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Margaret Wente (Curtis Lantinga)
Margaret Wente (Curtis Lantinga)

Margaret Wente

Taming my elephant - and yours Add to ...

The other day I had a physical for the first time in years. My new doctor is a kindly but no-nonsense type. She told me I've shrunk by half an inch. Then she gave me the usual diet and exercise advice: "Do more cardiovascular exercise. Two or three times a week. Start while you still can." She took my blood pressure (on the high side), and drew a little line between my height and my weight on that hateful BMI chart. "You could lose five pounds. Cut down on salt. And no junk food!"

I left her office brimming with new resolve. Yes! I want to be fit and slim and limber when I'm 70! I'll start right away! Just to prove it, I took the subway to work.

Later, I went shopping at the supermarket. I picked up many leafy greens, and topped them off with a box of President's Choice key lime pie, just in case of unexpected company. It's especially delicious when eaten frozen. I took it home and cut off a tiny piece and let it melt in my mouth. Then another.

The elephant had won again.

I learned about the elephant in a wonderful book called The Happiness Hypothesis, by psychologist Jonathan Haidt. This book explains why the key lime pie is so irresistible. It turns out you only think you're in charge. In fact, you're like someone riding an elephant. The rider thinks he's in control until the moment he decides to go one way and the elephant decides to go another. The elephant is much bigger than you are and, when he really wants to do something, you're no match for it.

The rider is the conscious, reasoning (and far newer) part of the brain. The elephant is the emotional, automatic part that's wired for pleasure, fear, guilt, lust, key lime pie and all that other primal stuff. It reacts much faster than the rider to threats or opportunities. It craves those little bursts of dopamine that make you feel so good when you take that first bite of pie. These parts of the brain developed through natural selection to guarantee our survival. That's why the elephant is so shrewd and powerful. You can't fight the elephant, and you can't do without it. You can only cajole it and train it and work with it to go your way.

Back in the 20th century, economists and social scientists developed a much different theory to explain why people do what they do. They called it "rational choice." According to this model, people are rational agents who set goals and pursue them by using the information and means at their disposal. The analogy is modern, technocratic and mechanical. You're like the driver of a car, and you can make it go whichever way you want.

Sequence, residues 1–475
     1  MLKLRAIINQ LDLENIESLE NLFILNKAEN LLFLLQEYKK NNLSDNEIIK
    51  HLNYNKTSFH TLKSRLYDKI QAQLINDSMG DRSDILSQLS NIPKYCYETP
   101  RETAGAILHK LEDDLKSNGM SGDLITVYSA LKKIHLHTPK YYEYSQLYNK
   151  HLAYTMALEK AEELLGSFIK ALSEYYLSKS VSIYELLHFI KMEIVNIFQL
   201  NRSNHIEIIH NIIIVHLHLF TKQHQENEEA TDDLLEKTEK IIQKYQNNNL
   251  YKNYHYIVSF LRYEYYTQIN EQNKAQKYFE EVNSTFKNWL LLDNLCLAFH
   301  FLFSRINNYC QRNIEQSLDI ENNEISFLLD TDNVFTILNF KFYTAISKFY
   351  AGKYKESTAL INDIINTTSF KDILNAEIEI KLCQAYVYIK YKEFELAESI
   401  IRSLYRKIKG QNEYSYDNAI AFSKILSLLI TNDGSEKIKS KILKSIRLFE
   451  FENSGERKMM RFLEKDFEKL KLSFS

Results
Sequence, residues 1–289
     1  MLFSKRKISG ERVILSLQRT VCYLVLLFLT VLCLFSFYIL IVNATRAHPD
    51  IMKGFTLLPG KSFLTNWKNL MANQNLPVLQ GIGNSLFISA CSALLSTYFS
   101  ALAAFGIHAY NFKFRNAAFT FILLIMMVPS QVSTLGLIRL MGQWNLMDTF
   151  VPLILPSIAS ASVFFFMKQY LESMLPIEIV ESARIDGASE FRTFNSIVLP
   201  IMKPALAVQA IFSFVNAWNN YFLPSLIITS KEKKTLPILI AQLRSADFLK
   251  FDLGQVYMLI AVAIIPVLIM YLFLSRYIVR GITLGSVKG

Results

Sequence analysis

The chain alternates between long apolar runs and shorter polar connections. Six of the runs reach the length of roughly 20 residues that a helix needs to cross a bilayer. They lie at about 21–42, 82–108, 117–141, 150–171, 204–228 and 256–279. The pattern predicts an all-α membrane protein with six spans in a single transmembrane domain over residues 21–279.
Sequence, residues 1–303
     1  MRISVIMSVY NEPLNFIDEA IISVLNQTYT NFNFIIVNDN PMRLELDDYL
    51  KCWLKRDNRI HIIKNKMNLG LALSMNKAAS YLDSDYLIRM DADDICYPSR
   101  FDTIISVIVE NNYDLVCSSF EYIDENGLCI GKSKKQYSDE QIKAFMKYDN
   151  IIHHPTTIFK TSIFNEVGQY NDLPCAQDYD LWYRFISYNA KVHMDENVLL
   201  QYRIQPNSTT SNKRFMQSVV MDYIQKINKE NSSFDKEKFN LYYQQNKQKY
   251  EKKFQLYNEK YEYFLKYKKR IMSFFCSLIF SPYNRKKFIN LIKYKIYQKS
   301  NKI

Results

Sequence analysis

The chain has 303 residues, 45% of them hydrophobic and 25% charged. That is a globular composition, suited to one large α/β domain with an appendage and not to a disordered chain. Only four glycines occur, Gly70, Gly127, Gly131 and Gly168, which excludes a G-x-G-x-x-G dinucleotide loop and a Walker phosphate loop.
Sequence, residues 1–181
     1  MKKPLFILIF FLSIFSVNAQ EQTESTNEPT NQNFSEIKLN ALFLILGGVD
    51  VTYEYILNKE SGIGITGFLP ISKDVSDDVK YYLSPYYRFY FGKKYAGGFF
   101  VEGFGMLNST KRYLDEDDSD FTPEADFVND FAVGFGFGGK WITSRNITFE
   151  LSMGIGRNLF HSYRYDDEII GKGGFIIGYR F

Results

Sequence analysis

But new developments in brain science - to say nothing of the overwhelming evidence of daily life - show that the ancients were much nearer to the truth. They often likened the divided self to a person trying to harness a wild animal. Buddha compared the mind to a wild elephant that can only be quieted through a great deal of practice and meditation. Benjamin Franklin said, "If Passion drives, let Reason hold the reins."

A great deal of modern social policy is really about taming the elephant. How do we get people to eat sensibly and not become obese? How do we persuade them to save more and spend less, so they'll have enough money for a comfortable retirement? If people really were rational actors, none of this would be a problem, because eating right, exercising regularly and saving up are obviously in their own self-interest. We're not idiots. We know this. That's why diet advice, financial advice and gym memberships are always in such high demand, even though the basic advice never changes. Eat better, walk more, make sure you top up your RRSP, cut back on salt and junk food. Simple! Now all you have to do is convince the elephant.

The trouble with public policy is that it ignores the elephant. We think more information will somehow do the trick. We imagine that, if we'd only demand more labelling on supermarket food, more calorie counts in restaurants, more leafy greens in inner-city grocery stores and more financial education in high school, people would make better choices. But the elephant doesn't think long term. It lives in the now. It has no idea about deferred gratification.

Rather than educating people about calorie counts and the true costs of retirement, we'd be better off finding a way to boost their impulse management and capacity for self-control. These traits are the key to an alarming amount of success in life, as shown by the famous marshmallow experiment: A four-year-old is introduced to a man who has some marshmallows. He asks the child whether she likes marshmallows. (Of course!) He shows her a plate with one marshmallow and a plate with two, and asks which one she'd rather have. (Of course she wants the one with two.) He says he has to leave the room for a while but she can have the plate with two when he gets back. If she doesn't want to wait, she can ring a bell, and he'll come back right away and give her the plate with one.

This experiment was conducted on a bunch of four-year-olds in 1970. It had extraordinary predictive powers. The children who were able to resist temptation the longest wound up in the best universities. They had figured out how to tame the elephant.

Needless to say, taming elephants is a job that's never done. Just when you think you've got the beast under control, he goes on the rampage again. Mine has a special fondness for frozen key lime pie. But maybe if I leave it in the store next time, he won't be able to eat it.

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